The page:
“A day was twenty-four hours long but seemed longer. There was no hurry, for there was nowhere to go, nothing to buy, no money to buy it with, and nothing to see outside the boundaries of Maycomb County.” In this quote we again get an idea about what life is like in Maycomb. They are poor and life is almost sleepy. It’s just a tired old town where the rest of the world doesn’t really seem to exist to them. This is the setting where Jem, Scout, and Dill will grow up and have their views of the world.
“Until I feared I would lose it, I never loved to read. One does not love breathing.” Even though she didn’t like to read, she learned to appreciate it more out of the fear of it being gone. We often don’t appreciate something until it’s gone. Here Scout demonstrates this by referring to breathing because it is something that most of us take for granted. But if we would lose it, we would most definitely miss it. She also shows that she is a little more mature than others for her age by realizing this.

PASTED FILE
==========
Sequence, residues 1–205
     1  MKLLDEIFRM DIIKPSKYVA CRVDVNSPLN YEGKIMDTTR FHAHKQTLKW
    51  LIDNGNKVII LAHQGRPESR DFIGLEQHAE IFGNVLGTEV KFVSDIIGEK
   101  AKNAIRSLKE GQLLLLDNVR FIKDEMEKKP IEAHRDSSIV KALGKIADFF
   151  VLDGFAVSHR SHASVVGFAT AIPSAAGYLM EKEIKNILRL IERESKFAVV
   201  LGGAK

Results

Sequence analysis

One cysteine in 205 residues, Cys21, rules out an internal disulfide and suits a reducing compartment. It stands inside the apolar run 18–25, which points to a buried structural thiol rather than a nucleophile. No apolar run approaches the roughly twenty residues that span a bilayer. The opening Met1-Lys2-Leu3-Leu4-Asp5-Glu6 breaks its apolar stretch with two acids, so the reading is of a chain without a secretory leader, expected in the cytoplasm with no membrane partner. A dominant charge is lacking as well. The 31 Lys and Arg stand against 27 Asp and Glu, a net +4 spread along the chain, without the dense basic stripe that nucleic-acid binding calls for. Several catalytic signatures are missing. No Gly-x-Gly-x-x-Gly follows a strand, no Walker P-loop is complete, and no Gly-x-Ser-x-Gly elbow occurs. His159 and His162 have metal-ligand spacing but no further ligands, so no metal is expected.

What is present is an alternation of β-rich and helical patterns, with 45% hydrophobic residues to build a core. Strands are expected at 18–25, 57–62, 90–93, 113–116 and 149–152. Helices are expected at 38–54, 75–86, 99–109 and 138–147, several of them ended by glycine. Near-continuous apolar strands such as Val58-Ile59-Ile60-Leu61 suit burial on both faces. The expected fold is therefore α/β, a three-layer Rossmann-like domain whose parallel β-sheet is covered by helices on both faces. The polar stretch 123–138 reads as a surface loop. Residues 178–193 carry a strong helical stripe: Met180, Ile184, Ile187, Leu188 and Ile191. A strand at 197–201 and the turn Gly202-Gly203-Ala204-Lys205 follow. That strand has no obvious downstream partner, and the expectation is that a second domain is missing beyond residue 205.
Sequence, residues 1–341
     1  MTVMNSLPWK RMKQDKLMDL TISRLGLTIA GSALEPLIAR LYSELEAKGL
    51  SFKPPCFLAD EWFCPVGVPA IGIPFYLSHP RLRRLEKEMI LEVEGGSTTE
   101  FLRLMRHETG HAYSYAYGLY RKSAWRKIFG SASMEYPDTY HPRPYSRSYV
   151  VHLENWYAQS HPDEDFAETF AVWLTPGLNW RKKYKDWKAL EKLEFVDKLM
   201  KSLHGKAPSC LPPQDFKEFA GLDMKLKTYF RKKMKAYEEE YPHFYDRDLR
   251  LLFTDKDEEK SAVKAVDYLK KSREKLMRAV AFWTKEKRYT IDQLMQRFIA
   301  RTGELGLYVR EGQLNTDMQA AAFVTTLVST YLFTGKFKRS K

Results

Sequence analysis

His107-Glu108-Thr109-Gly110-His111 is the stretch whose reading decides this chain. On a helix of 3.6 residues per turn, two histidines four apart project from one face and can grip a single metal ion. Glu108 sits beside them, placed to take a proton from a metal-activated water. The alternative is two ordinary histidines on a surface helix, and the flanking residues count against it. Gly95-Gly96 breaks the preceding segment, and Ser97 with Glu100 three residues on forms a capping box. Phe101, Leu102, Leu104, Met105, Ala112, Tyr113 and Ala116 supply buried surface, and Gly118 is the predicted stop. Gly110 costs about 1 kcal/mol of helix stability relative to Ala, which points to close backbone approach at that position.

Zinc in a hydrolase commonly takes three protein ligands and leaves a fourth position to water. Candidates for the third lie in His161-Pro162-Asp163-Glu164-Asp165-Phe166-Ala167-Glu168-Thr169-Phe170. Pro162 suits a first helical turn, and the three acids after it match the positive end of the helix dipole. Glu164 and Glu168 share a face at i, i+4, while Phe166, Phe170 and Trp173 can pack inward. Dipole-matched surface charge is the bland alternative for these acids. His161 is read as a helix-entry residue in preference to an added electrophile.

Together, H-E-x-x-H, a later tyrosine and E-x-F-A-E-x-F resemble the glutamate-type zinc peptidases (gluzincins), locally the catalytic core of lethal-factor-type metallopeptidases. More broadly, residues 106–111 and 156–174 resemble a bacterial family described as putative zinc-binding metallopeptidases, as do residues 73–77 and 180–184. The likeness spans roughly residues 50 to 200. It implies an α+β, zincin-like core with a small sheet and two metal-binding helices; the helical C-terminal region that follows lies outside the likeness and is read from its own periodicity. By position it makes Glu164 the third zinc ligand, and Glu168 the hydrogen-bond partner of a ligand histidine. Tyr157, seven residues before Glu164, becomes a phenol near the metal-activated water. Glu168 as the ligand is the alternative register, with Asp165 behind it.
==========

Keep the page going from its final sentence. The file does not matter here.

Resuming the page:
“First of all,’ he said, ‘If you can learn a simple trick, Scout, you’ll get along a lot better with all kinds of folks. You never really understand a person until you consider things from his point of view-‘ ‘Sir?’ ‘-until you climb into his skin and walk around in it.” This passage shows the special bond between Atticus and his daughter that they share. Scout learns more from her own father than basically anyone else. Atticus teaches Scout important things about life and life lessons that she doesn’t get from school. Scout always listens to her father very carefully. She has a lot of respect for him, and values his advice that he gives her.
“There’s some folks who don’t eat like us, she whispered fiercely, but you ain’t called on to contradict ’em at the table when they don’t. That boy’s yo’ comp’ny and if he wants to eat up the table cloth you let him, you hear? He ain’t company, Cal, he’s just a Cunningham.” Here we have Cal telling off Scout that company is company and they should be treated the same. In response Scout doesn’t even associate the Cunninghams with company-rather they are outsiders that are so low that they shouldn’t even eat with them. Cal feels the need to make it clear that it is very wrong of Scout to even think like that. In this quote, Scout-and pretty much everyone else-think poorly of the Cunninghams because they are African American and they are poor which isn’t something good to be going for them. The narrator expresses how African Americans are thought of as lower than whites.